Niacin (VitaminB3)

Vitamin B3

vitamin B3
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Niacin or Vitamin B3 like other B vitamins, plays an important role in energy metabolism (breaking down and transforming the foods we eat into energy). Other names for this vitamin are nicotinic acid and vitamin PP. Like other B vitamins, Vitamin B3 is water soluble, meaning it is not stored in large amounts in the body, so it must be obtained regularly through the diet.

It has been shown that niacin decreases “bad” cholesterol and increases “good” cholesterol in the blood. It is beneficial in relief of atherosclerosis and in improvement of blood circulation – thus, vitamin B3 helps to prevent future heart attacks in former sufferers. This nutrient is also needed for healthy hair, skin, and eyes. B3 is necessary for healthy nerves function, as well. Contrary to urban legend, niacin cannot help to prevent a positive drug test, and taking it in large quantities may be dangerous.

Vitamin B3 is used as a food additive E375. It helps to keep typical red color of meat products.

nutshell In a nutshell
nutshell Niacin decrease “bad” cholesterol and increase “good” cholesterol in the blood.
nutshell B3 is beneficial in relief of atherosclerosis, and in improvement of blood circulation.
nutshell Contrary to urban legend, niacin cannot help to prevent a positive drug test.

Vitamin B3 deficiency

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Vitamin B3 deficiency.Those who are deficient in this nutrient may feel very weak or have muscle weakness. These individuals may develop more skin infections and digestive problems and have a loss of appetite. The disease pellagra, with symptoms of dermatitis, diarrhea, and dementia, often occurs due to deficiency in this nutrient, as well as due to deficiency of other B vitamins.

People who are most likely to develop a deficiency in this essential nutrient are those who have:
• Eating disorders;
• Disease of malabsorption;
• Poor nutrition or malnutrition;
• Little or no sources of meat in the diet;
• Certain medical conditions and take certain medications.

Vitamin B3 overdose

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Vitamin B3 overdose. It is difficult to overdose on this vitamin from natural food sources, though it may occur with supplement use. Safe upper limits are set at 35 mg per day for the general population to reduce the risk of certain side effects, such as flushing. Overdose symptoms may include nausea and vomiting as well as dizziness and itching. Other potentially dangerous side effects include feeling faint, difficulty breathing, irregular heartbeat, and symptoms that resemble the flu.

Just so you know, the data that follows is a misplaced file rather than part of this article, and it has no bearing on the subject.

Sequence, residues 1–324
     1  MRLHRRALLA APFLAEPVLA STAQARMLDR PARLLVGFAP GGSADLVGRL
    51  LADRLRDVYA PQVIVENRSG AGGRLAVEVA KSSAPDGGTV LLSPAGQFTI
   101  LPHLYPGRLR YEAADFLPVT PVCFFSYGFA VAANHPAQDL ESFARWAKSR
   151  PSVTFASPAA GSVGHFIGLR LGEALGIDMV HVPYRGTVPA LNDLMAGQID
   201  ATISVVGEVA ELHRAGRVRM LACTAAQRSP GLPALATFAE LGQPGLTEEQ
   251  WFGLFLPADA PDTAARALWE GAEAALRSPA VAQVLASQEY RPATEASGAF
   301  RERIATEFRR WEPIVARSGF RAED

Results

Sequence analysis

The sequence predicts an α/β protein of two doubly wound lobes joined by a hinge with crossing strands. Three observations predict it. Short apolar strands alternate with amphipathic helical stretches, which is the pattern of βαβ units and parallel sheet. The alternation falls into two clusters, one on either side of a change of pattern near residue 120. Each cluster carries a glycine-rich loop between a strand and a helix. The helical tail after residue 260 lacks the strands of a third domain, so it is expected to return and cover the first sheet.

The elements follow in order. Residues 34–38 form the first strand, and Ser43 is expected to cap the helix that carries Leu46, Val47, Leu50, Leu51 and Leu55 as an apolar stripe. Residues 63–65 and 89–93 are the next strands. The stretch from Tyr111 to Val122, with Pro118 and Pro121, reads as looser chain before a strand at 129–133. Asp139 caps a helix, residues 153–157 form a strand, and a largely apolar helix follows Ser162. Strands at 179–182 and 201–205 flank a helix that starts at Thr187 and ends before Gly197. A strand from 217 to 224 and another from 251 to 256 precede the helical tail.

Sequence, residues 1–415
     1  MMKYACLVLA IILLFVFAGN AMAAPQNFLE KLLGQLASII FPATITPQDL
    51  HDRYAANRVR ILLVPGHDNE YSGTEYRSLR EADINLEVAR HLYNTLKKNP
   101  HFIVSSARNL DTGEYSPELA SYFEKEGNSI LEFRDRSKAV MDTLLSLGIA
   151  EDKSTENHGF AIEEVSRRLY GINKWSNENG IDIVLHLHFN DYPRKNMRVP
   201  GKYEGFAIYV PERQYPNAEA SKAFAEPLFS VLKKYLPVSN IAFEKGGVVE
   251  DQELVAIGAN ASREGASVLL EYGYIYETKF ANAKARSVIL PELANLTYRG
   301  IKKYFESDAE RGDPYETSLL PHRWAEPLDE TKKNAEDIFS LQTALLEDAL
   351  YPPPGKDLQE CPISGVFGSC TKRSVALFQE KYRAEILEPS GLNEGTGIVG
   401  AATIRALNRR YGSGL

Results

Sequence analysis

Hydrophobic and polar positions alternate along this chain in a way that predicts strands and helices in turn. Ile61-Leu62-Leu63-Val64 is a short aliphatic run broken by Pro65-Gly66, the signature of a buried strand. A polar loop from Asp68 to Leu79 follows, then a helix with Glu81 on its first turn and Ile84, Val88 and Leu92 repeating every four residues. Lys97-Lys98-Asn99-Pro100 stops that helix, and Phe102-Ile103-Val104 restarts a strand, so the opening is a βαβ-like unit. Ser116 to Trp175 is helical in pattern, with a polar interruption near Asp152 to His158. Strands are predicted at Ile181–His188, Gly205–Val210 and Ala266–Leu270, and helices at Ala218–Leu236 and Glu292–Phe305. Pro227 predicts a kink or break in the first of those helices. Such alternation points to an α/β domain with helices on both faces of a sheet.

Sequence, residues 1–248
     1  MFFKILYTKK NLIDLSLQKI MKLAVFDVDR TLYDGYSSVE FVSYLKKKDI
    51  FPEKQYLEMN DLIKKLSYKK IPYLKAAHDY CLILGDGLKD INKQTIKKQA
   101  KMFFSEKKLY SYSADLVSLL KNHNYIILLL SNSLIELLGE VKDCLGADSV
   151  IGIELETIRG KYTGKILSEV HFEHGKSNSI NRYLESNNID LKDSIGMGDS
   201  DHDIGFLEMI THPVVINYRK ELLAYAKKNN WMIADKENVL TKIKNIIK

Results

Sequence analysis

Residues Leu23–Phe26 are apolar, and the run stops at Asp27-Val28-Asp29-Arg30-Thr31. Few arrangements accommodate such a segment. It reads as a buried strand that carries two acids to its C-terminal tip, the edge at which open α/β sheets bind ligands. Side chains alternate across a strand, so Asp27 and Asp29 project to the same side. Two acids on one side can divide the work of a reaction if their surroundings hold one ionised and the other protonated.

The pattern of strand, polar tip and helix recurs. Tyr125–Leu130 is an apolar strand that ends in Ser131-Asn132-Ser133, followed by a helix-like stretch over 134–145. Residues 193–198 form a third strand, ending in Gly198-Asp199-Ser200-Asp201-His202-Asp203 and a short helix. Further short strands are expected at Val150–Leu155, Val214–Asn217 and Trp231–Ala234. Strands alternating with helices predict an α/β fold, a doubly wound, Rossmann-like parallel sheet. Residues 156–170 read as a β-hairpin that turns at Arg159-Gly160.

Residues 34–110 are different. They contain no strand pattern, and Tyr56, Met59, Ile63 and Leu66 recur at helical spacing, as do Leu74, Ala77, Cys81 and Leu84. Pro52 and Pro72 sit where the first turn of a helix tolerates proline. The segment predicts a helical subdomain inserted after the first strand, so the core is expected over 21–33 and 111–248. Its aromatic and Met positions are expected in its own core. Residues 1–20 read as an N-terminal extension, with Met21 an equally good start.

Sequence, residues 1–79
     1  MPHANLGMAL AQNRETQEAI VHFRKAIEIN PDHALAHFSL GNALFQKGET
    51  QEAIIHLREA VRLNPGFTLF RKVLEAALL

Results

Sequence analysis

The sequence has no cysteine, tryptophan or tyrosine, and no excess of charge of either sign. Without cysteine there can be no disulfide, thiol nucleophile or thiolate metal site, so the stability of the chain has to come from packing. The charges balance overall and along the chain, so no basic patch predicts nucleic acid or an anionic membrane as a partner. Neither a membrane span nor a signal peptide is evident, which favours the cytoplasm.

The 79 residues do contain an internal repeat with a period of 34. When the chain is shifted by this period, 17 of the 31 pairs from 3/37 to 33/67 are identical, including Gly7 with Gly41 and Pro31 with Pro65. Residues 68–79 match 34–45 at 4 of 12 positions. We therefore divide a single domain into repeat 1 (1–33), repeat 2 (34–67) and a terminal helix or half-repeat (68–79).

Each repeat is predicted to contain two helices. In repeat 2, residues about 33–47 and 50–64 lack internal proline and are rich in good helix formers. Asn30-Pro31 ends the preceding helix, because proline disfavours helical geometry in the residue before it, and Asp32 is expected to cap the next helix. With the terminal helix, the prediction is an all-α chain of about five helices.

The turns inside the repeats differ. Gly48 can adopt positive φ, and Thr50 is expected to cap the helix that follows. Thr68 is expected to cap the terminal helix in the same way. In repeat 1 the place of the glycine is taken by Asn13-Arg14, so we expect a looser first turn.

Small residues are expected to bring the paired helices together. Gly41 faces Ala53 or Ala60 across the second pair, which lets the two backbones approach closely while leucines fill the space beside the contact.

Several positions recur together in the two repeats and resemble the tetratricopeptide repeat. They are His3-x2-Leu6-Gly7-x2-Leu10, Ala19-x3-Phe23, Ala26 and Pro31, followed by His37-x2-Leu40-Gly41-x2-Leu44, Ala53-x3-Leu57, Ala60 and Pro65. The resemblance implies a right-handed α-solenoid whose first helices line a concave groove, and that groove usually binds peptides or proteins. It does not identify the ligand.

Certain medications may interact with Vitamin B3, so special care should be taken, especially with drugs for cholesterol, blood thinning, high blood pressure, or heart problems. It is okay to take supplements higher than the upper limit of 35 mg per day under the advice and supervision of your physician, but notify your health care provider of any noticeable side effects.

Daily Recommended Intake

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Daily Recommended Intake. Recommended daily allowance for this vitamin:
• Infants 2 mg – 4 mg;
• Children 6 – 12 mg;
• Teenagers and adults 14- 16 mg;
• Pregnant and breastfeeding women 17 mg.

The following foods have high amounts of vitamin B3:
• Yeast extract (100g) – 125 mg;
• Red Salmon (smoked) (100g) -22.7 mg;
• Tuna (cooked)(100g) – 18.7;
• Pink salmon (cooked) (100gr)-9.6 mg;
• Liver (beef- cooked) (100g) – 17.5 mg;
• Peanuts (oil roasted) (100gr) – 13.8 mg;
• Poultry food products (cooked) (100g) -9 mg;
• Sunflower Seeds (100gr) – 8.3 mg;
• Beef, pork (cooked) (100gr) – 8 mg;
• Portobello mushrooms (grilled) (100gr) -6.3mg;

Other important sources of Vitamin B3:
• Avocado, Green peas, leafy vegetables, broccoli;
• Whole grain products, nuts;
• Dates;
• Dairy products.

Why “Niacin”?

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Why “Niacin”? This compound was named Vitamin B3 since it was the third B vitamin to be isolated. Once the importance of this nutrient was determined, it was important to make a distinction between nicotine and nicotinic acid so that people would not think nicotine contained vitamins or vice versa. The name “Niacin” came from taking the fist two letters of the words “nicotinic” and “acid” and combining them with the last two letters of the word “vitamin”.

In 1873, this nutrient was described by Hugo Weidel in studies with nicotine so was referred to as nicotinic acid. It was first isolated by Casimir Funk when he was searching for the specific vitamin now known as thiamine in his research on the diseases of pellagra and dermatitis. Further research showed this vitamin’s significance and relationship to other B vitamins that had been discovered. In 1937, biochemist Conrad Elvehjem extracted the compound from livers and later identified its active ingredient.